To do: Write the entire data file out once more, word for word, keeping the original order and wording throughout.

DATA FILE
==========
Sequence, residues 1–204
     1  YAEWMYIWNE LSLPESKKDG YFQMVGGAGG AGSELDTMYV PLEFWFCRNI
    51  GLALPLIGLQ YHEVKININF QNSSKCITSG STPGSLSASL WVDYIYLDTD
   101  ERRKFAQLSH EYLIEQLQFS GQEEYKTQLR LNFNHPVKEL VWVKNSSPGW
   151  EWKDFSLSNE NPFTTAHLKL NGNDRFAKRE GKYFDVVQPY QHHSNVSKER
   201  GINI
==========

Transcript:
Sequence, residues 1–204
     1  YAEWMYIWNE LSLPESKKDG YFQMVGGAGG AGSELDTMYV PLEFWFCRNI
    51  GLALPLIGLQ YHEVKININF QNSSKCITSG STPGSLSASL WVDYIYLDTD
   101  ERRKFAQLSH EYLIEQLQFS GQEEYKTQLR LNFNHPVKEL VWVKNSSPGW
   151  EWKDFSLSNE NPFTTAHLKL NGNDRFAKRE GKYFDVVQPY QHHSNVSKER
   201  GINI